Norway has a small population with small cities. It takes a long time to move from one place to another, if you don’t fly. This is something I had to get used to. Most of the time, I stayed in Kristiansand. I had school almost every day, usually in the morning. The buddies organized activities like parties, for example the halloween party at Alibiet. Every tuesday we had the coffee hour at three o’clock, where you could sit together and eat waffles for free. Every other week we had the international pub at Østsia, where people from different countries could present their country to the others in a funny way. In my free time, I also went to the cinema, to concerts or went for a walk at Baneheia or in the city and took pictures. But I wished, there would be more cultural offers. All in all, Kristiansand is a calm city. I was sometimes so surprised how calm and empty the streets were in the night or in the morning. I feel like, Norway is more a country to explore the nature in, and go for a hike like in Odderøya. Sometimes, the calmness made me feel a bit depressed in combination with the early darkness at four o’clock in the afternoon in November.
Also, I struggled a lot with the high prices. That certainly affected me in my everyday-life here. In Germany, it’s normal for me to go out and have a drink in a bar or eat in a restaurant. Here, I am hardly able to afford it. While you pay almost 100 kroner for a beer and over 70 kroner for a kebab in Norway, you pay maybe 20 kroner for a beer and 30 kroner for a kebab in Germany. So when I ate out with friends here in Norway, I did that mostly at McDonald’s or Subway where the prices are similar to Germany. Also the prices in the supermarkets are very high, especially when it comes to meat, sweets and alcohol. For me, the meat here often stinks and the sweets are often too sweet anyway. In addition, the selection is smaller than in Germany. Regarding food, I think my home country suits me better.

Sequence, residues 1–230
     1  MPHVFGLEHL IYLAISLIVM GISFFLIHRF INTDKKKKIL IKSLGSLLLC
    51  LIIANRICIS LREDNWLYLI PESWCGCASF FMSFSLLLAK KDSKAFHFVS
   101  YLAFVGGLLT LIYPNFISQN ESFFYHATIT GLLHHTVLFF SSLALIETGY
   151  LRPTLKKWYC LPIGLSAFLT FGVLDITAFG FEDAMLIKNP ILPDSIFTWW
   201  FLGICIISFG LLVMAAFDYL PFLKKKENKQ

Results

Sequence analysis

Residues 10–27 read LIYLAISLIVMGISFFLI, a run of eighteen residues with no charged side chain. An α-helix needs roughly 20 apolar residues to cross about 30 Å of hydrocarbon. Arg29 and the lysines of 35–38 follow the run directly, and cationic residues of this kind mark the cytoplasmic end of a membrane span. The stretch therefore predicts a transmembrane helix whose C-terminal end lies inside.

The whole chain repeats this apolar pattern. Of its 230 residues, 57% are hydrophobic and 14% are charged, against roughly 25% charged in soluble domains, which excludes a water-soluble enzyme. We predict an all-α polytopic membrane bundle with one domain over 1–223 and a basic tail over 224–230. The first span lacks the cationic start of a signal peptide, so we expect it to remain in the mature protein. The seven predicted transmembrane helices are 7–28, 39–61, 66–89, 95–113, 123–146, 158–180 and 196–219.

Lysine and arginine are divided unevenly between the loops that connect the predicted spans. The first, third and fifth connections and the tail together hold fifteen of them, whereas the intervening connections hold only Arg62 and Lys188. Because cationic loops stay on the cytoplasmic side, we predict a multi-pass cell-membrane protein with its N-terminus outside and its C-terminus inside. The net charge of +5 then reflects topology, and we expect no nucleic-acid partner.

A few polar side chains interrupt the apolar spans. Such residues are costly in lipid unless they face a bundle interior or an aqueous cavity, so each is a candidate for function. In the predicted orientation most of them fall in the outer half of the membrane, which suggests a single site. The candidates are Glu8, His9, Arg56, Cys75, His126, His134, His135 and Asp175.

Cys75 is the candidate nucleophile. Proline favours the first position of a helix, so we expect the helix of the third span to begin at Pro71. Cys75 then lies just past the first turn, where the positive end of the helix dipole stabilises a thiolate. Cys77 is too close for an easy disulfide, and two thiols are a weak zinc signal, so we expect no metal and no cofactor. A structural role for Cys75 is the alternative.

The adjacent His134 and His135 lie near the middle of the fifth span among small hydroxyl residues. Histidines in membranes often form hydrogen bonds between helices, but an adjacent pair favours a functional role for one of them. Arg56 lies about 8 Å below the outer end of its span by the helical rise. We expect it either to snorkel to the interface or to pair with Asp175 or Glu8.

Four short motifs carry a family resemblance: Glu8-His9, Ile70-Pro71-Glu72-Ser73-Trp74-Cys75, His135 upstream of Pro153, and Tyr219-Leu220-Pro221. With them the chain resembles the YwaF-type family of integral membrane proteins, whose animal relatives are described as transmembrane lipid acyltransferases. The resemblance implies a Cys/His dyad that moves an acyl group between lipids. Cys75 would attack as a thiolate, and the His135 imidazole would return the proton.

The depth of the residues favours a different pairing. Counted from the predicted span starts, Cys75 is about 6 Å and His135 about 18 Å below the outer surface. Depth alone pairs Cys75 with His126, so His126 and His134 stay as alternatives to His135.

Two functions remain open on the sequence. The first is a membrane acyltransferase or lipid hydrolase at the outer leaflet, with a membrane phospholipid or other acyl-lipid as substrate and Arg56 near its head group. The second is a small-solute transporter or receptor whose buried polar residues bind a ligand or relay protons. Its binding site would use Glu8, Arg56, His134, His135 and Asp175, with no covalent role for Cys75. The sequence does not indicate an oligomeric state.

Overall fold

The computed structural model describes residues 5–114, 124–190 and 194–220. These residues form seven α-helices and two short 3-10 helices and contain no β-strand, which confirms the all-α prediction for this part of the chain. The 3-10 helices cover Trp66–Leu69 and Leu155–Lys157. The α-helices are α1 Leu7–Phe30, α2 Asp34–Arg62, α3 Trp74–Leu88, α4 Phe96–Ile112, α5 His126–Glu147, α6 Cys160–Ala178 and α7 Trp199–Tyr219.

The cultural differences between different countries were a big topic during my semester in Kristiansand. Living in another country, you become aware of your own culture. So this was often a topic during my conversations. One example: Norwegians never get angry in public. In Germany I often experience how bus drivers get upset with passengers. Connected to cultures are of course also the different languages. In a Norwegian crash course, I learned basic Norwegian. I noticed, that many words sound similar to German (god morgen/guten morgen). I also thought that it’s very difficult to learn Norwegian, although there are many similarities to German. So I realized, how difficult it must be to learn German. I’m also not sure if I like or hate the Norwegian language. Often, it sounds annoying to me as if you would have hiccups. Hence, I realized how awful German also must sound…